Bainimarama scores high in New Zealand

Mahendra Sukhdeo – Kiwis remain marginalised-Mahendra Sukhdeo Web

The visit of Fiji’s Prime Minister Josiah Voreqe Bainimarama to New Zealand last month was clearly aimed at fence-building; forgetting the past and moving forward towards more durable and harmonious relations.

In this regard, Mr Bainimarama, by his actions and utterances, scored a mini diplomatic coup.

Positive stance

In his talks with New Zealand Prime Minister John Key, he displayed a measure of political maturity.

Instead of harping on the insult sustained by him for banning his visit to New Zealand after the 2006 coup, trade sanctions against Fiji, attempt to isolate Fiji from international organisations and failure to understand Fiji’s political and cultural matrix, he banked on the positives.

It was a sharp contrast from the negatives hurled at Mr Key during his visit to Fiji on June 9 and 10, 2016.

It resulted in an upturn in relations that is likely to be the benchmark for similar bilateral talks with other nations. It is a recognition of ‘real politic’ and symptomatic of the new direction in Fiji’s foreign policy under his stewardship.

He was therefore willing to play soft on issues such as the Pacific Islands Forum, Fiji’s Public Order Decree, and entry of New Zealand journalists to Fiji.

Melanesians and Polynesians

Pacific Island Nations (PINs) are principally divided into two dominant groups of Melanesians and Polynesians.

New Zealand, because of its colonial past, has had sharper relations with Polynesians (Samoa, Tonga and Cook Islanders for instance), who have had a marked representation in the New Zealand society; and New Zealand has used what is euphemistically called ‘check-book diplomacy’ to bring them in their fold.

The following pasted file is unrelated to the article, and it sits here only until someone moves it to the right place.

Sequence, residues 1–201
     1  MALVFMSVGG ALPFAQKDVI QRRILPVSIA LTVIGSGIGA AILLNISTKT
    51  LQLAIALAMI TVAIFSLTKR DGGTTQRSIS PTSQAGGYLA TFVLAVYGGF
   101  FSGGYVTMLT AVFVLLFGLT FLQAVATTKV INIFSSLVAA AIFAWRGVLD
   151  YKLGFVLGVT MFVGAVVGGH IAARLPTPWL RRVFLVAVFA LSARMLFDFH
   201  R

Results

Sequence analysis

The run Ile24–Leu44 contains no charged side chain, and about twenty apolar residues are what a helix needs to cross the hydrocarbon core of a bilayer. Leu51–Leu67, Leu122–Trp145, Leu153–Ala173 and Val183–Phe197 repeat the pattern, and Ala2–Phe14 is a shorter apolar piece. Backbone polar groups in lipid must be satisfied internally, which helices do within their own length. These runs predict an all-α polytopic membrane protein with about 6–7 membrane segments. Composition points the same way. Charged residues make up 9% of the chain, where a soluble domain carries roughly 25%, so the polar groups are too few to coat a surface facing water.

Fiji is intrinsically regarded as a Melanesian dominant enclave and has spearheaded a group, the Pacific Island Development Forum (PIDF) in association with Vanuatu, Kiribati, Solomon and other countries.

Papua New Guinea, the largest Melanesia group of Islands within the Pacific corridor, is practically regarded as the satellite of Australia and poses a political challenge for Fiji.

Look North Policy

Under the new stance of Foreign Policy as detailed in his speech at the United Nations, (see story under Viewlink), Fiji does not wish to be seen as overly dependent on ‘Look North’ policy, particularly on its reliance on China for aid and exploitation of resources.

China’s total disregard for the findings of the International Court of Justice on the Spratly Islands has not gone well with the Western Powers and Asian nations.

India’s attempt to isolate Pakistan directly and China by association on the sore issue of openly supporting terrorism together with their abysmal record of deprivation of human rights has had a marked impact on UNO’s member-nations.

Trade and Terrorism

It is therefore not a coincidence that immediately after Mr Bainimarama’s visit last month, Mr Key led a high-powered delegation to India to talk on trade and terrorism.

The populist and isolationist trends in the United States as championed by the enigmatic Donald Trump have also sent shivers in diplomatic circles.

Fiji understands for its citizens to prosper on a long-term basis it must build on its record of six years of continuous growth of GDP.

In recent months, tourism from Australia and New Zealand has declined.

The two countries are no longer the guaranteed source of tourism for Fiji.

More island nations such as Vanuatu, Samoa and Cook Islands have taken a share of the patronage

Domestic and Global Compulsions

Fiji’s trade with New Zealand as well as Australia has been singularly unipolar since the colonial days.

It is apprehensive of its sea and land resources from being exploited by over-dependence on China.

Fiji’s emphasis has therefore shifted towards an “enduring, predictable and sustainable trade agreements” between Australasia and the Pacific Islands.

Mr Bainimarama’s visit is the beginning of the recognition of mutuality of respect for each other’s domestic compulsions and global disposition.

It is in the interest of both the parties to fortify the planks of this new relationship.

 

Mahendra Sukhdeo is a Fiji born academic, writer, researcher and author whose second edition of the book, ‘Aryan Avatars: From Prehistoric darkness to Settlers in the Pacific’ has been published by USP and is available through its Bookstore in Suva. Please read related stories in Homelink, Fijilink, Businesslink and Viewlink.

 

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